Importantly, K5‐Tert mice in a Terc−/− background, K5‐Tert/Terc−/− mice, showed impaired skin tumorigenesis compared with all other genotypes, and in particular compared with single Terc−/− mice, which also lack telomerase activity and show a similar telomere length (Figs 1, 2A). Only 40% of the K5‐Tert/Terc−/− mice developed papillomas compared with 80%, 72% and 86% of the wild‐type, K5‐Tert and Terc−/− mice, respectively (Fig 2B). In addition, the number of papillomas per mouse at week 15 was significantly reduced in K5‐Tert/Terc−/− mice compared with both single K5‐Tert and Terc−/− controls (Fig 2A,B; Student's t‐test P<0.05). Finally, papillomas in K5‐Tert/Terc−/− mice never progressed to lesions bigger than 3 mm, in contrast with the other genotypes (Fig 2A). These results indicate that Tert overexpression in the absence of Terc, thus in the absence of formation of Tert–Terc complexes, fails to promote papilloma formation, in contrast to that observed for single K5‐Tert mice. This different behaviour of K5‐Tert and K5‐Tert/Terc−/− mice cannot be explained by changes in Tert expression levels, as Tert is similarly overexpressed in both genotypes (supplementary Fig 1 online). Importantly, the fact that tumorigenesis is also significantly impaired in K5‐Tert/Terc−/− mice relative to single Terc−/− controls (Fig 2A,B) suggests that Tert overexpression inhibits tumorigenesis when Terc is not present. It is particularly relevant to note that this inhibitory effect of Tert overexpression in the absence of Terc is independent of both telomerase activity and telomere length, as both Terc−/− and K5‐Tert/Terc−/− mice lack telomerase activity and show a similar average telomere length and a similar percentage of signal‐free ends (Fig 1).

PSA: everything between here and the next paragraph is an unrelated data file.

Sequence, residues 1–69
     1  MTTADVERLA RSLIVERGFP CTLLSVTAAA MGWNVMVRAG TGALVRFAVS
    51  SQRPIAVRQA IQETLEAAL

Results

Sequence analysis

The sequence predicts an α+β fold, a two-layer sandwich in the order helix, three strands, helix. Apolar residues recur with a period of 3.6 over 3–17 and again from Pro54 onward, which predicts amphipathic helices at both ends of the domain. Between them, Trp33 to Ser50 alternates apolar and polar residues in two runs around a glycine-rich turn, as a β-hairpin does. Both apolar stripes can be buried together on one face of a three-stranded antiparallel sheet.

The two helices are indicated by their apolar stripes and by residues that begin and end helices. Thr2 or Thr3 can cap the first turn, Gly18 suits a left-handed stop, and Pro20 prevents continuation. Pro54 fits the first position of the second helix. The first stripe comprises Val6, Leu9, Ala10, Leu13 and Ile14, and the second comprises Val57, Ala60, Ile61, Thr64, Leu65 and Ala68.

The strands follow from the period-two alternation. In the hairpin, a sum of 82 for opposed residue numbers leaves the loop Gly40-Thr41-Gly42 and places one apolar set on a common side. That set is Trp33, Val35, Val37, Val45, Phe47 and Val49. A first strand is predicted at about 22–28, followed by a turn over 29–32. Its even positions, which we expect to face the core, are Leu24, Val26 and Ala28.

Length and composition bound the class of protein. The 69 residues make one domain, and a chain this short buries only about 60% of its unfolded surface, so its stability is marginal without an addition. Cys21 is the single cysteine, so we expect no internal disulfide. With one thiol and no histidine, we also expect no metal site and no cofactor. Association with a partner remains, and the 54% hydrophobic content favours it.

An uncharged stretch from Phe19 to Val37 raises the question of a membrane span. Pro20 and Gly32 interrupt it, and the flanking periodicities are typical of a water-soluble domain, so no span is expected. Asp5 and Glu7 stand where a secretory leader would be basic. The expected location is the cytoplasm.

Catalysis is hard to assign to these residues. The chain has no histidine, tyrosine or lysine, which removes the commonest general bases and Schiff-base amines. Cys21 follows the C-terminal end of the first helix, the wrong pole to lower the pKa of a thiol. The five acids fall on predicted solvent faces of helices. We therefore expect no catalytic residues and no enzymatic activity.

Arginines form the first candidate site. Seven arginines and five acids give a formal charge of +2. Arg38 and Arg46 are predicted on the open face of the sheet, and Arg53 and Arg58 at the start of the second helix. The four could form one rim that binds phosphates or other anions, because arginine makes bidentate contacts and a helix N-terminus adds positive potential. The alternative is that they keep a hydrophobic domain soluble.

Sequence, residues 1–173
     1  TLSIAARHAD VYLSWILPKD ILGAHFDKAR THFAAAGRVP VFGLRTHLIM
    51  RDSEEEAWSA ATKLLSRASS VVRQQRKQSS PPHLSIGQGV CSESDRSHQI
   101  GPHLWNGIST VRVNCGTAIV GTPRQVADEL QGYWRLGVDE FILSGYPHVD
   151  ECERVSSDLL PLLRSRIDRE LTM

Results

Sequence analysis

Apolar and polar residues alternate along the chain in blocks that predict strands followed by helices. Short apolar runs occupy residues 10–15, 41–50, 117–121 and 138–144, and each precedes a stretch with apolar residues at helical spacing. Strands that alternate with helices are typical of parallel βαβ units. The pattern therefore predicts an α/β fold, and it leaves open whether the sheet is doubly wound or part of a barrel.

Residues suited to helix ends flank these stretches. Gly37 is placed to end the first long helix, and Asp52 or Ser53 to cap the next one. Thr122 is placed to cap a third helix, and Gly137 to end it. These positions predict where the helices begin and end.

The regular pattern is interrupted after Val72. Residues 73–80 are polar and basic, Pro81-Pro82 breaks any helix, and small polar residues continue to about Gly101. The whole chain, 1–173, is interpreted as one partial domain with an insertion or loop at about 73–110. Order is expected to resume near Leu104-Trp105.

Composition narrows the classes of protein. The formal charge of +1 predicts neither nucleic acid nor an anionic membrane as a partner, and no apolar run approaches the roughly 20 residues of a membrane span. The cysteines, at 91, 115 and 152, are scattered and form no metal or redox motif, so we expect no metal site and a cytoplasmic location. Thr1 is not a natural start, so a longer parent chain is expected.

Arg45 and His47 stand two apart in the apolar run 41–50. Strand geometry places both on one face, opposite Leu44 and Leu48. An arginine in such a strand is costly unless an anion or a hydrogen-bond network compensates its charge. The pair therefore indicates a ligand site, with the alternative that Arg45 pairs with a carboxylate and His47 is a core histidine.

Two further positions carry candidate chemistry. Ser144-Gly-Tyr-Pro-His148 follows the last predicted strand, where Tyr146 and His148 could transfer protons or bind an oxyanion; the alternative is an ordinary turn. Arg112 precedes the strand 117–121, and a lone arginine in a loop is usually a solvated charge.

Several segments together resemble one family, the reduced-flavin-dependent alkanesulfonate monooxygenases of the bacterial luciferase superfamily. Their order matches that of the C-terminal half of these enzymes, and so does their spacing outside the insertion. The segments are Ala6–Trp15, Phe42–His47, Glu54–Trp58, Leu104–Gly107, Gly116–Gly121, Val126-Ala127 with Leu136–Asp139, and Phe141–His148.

Delayed wound healing in skin of K5‐Tert/Terc−/− mice
We have previously described (González‐Suarez et al, 2001) that K5‐Tert mice show a higher rate of wound healing in skin compared with wild‐type controls. To study whether Terc was also required for this short‐term effect of Tert overexpression, we carried out wound‐healing experiments in the skin of wild‐type, Terc−/−, K5‐Tert and K5‐Tert/Terc−/− littermates (see Methods). The rate of wound healing was monitored as the percentage of the initial wound area left open at different times after the wound was created (see Methods). As previously reported, single K5‐Tert transgenics showed a faster rate of wound healing than their wild‐type littermates (Fig 3A,B), with average wound area values at day 2 of 40±14 mm2 and 29±14 mm2 for wild‐type and K5‐Tert mice, respectively (Student's t‐test P<0.05). No significant differences in the rate of wound healing were detected between Terc−/− and wild‐type mice, with wound area values at day 2 of 40±19 mm2 and 40±14 mm2 for Terc−/− and wild‐type mice, respectively (Fig 3A,B). Importantly, K5‐Tert/Terc−/− mice showed a significantly delayed rate of wound healing compared with single K5‐Tert controls, with average wound area values at day 2 of 54±17 mm2 and 29±14 mm2 for K5‐Tert/Terc−/− and K5‐Tert mice, respectively (Student's t‐test P=0.0005). At later time points, these differences disappeared due to the fact that the wounds were largely healed (Fig 3A,B). These results indicate that Terc is necessary for the higher wound‐healing rate associated with Tert overexpression. Moreover, the fact that K5‐Tert/Terc−/− mice showed a delayed rate of wound healing relative to Terc−/− controls, which have a similar telomere length (Fig 1), further supports an inhibitory effect of Tert overexpression in the absence of Terc that is independent of both telomerase activity and telomere length.
Terc is required for TPA response